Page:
The Devil in the Belfry
|"The Devil in the Belfry"|
Illustration for "Tales and poems - vol.2" published in 1800s
|Author||Edgar Allan Poe|
|Published in||Saturday Chronicle and Mirror of the Times|
|Media type||Print (newspaper)|
In an isolated town called Vondervotteimittiss (wonder-what-time-it-is), the punctilious inhabitants seem to be concerned with nothing but clocks and cabbage. This methodical, boring and quiet little borough is devastated by the arrival of a devilish figure playing a big fiddle who comes straight down from a hill, goes into the belltower, brutally attacks the belfry-man and rings thirteen o'clock, to the horror of the town's inhabitants.
The devil character can be seen as the bringer of chaos to an ordered system. In the context of the story, the devil is a troublemaker who destroys the serenity of tradition. However, in that Poe mocks the town's ridiculous traditions, it can be interpreted that the devil is a violent force of change, originality and creativity in an otherwise stagnant environment.
Some have claimed the story to be political satire making fun of the United States President Martin Van Buren who was of Dutch descent like the inhabitants of Vondervotteimittis. However, aside from Dutch caricatures used for humor, the story does not seem to mock any particular target. In A Companion to Poe Studies it is noted, "Poe introduced numerous details to make contemporaries think of the president. But the story is not therefore a political satire, for Poe said such stories hit out in all directions ... Moreover, Poe's literary play, his pleasure at creating connections, seems more important than is any single 'target' of satire."
There are many famous illustrations for this short tale, including one is by the Italian engraver Alberto Martini, which is very accurate in describing the final moment, and another by the Belgian artist James Ensor, which illustrates the moment when the stranger arrives in town.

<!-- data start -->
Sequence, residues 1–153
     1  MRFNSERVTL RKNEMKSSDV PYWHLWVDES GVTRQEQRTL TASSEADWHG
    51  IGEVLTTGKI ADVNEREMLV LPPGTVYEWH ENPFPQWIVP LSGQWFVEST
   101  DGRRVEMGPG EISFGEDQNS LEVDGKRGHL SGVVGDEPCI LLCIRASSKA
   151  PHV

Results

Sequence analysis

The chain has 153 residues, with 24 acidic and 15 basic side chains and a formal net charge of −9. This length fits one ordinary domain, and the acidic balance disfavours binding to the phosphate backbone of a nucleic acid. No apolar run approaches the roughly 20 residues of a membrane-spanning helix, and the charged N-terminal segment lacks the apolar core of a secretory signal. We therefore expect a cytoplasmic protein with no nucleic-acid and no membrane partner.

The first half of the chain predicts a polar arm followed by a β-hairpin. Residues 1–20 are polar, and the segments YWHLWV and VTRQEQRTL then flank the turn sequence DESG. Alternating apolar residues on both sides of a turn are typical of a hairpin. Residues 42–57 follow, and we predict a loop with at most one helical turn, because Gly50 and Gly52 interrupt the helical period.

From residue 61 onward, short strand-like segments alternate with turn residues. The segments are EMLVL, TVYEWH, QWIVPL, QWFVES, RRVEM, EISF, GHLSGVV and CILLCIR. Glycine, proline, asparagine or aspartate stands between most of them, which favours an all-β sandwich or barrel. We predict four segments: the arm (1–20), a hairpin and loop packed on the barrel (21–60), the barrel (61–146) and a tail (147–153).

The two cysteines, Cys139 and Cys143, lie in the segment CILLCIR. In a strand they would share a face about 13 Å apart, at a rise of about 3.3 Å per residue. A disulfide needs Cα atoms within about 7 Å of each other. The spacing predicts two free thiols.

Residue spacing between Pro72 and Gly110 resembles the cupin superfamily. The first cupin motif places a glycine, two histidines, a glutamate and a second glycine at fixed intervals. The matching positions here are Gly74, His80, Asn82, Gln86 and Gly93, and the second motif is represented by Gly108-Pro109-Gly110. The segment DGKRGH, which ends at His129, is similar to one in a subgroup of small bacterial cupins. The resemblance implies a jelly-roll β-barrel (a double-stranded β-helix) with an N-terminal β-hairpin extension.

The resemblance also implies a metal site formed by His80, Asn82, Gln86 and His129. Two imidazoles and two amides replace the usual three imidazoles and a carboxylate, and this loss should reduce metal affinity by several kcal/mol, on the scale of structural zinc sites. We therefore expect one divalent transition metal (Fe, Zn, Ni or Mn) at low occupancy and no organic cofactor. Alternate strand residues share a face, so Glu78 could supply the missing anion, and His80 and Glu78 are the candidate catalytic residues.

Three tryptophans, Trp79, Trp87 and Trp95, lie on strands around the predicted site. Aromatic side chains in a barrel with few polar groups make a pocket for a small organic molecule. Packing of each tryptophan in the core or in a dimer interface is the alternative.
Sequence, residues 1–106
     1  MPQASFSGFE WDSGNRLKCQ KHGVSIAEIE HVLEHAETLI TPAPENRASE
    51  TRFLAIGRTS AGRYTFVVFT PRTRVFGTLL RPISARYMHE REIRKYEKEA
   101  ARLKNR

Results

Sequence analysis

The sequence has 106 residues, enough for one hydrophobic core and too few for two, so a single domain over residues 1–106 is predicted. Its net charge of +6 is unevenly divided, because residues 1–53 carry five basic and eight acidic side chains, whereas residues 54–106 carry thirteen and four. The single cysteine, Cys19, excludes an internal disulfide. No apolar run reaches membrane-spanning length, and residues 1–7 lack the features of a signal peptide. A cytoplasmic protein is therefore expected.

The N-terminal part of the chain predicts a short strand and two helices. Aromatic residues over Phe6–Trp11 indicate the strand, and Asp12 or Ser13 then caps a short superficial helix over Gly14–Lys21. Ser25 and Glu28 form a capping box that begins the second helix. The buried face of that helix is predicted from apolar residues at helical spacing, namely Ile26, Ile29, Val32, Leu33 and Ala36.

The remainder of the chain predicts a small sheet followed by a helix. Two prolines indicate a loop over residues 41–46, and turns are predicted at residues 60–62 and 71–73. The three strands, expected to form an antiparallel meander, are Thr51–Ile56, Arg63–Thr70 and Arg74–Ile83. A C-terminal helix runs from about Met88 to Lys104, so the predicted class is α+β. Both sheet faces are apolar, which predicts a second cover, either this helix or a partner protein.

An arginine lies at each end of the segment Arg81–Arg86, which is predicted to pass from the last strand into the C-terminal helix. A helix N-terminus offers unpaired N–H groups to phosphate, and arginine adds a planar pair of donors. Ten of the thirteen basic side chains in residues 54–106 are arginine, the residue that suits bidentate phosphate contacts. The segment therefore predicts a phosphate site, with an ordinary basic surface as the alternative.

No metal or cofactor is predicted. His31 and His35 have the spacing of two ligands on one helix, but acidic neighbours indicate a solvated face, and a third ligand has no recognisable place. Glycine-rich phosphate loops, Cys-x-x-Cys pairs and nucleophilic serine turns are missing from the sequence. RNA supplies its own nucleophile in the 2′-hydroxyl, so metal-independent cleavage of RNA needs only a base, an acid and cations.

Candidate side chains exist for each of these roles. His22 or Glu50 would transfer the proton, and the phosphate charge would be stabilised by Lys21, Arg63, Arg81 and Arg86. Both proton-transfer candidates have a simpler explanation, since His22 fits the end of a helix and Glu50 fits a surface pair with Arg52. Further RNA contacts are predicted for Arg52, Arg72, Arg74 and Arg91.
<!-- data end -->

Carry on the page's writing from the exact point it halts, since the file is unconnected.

The story was first published in the May 18, 1839, issue of Philadelphia's Saturday Chronicle and Mirror of the Times.
Between 1902 and 1911 or 1912, French composer Claude Debussy worked on a one-act opera based on "The Devil in the Belfry", Le diable dans le beffroi. This short opera was to be presented with La chute de la maison Usher, another one-act opera based on Poe's The Fall of the House of Usher. For his adaptation of "The Devil in the Belfry", Debussy said he wanted to create "a happy blending of the real and the fantastic". His version of the devil, he said, would "put an end to the idea that the devil is the spirit of evil. He is simply the spirit of contradiction." The character of the devil was not intended to speak or sing, only whistle.
The story was also the subject of an opera by Italian composer Adriano Lualdi, premiered in 1925.
Influence on popular culture
- The title of the rock group Black Rebel Motorcycle Club's 2010 album Beat the Devil's Tattoo was derived from a line in The Devil in the Belfry.
- The 2011 Francis Ford Coppola film, Twixt (film), depicts a town with a seven-faced clock tower and claims that Poe wrote his short story as a result of his overnight stay in the town.
- Carlson, Eric W. A Companion to Poe Studies. Greenwood Press, 1996. p. 133
- Sova, Dawn B. Edgar Allan Poe: A to Z. Checkmark Books, 2001. p. 68
|Wikisource has original text related to this article:|
- Link to The Devil in the Belfry as it appeared in Collected Tales of E. A. Poe (1850)
- The Works of Edgar Allan Poe, Raven Edition, Volume 4 public domain audiobook at LibriVox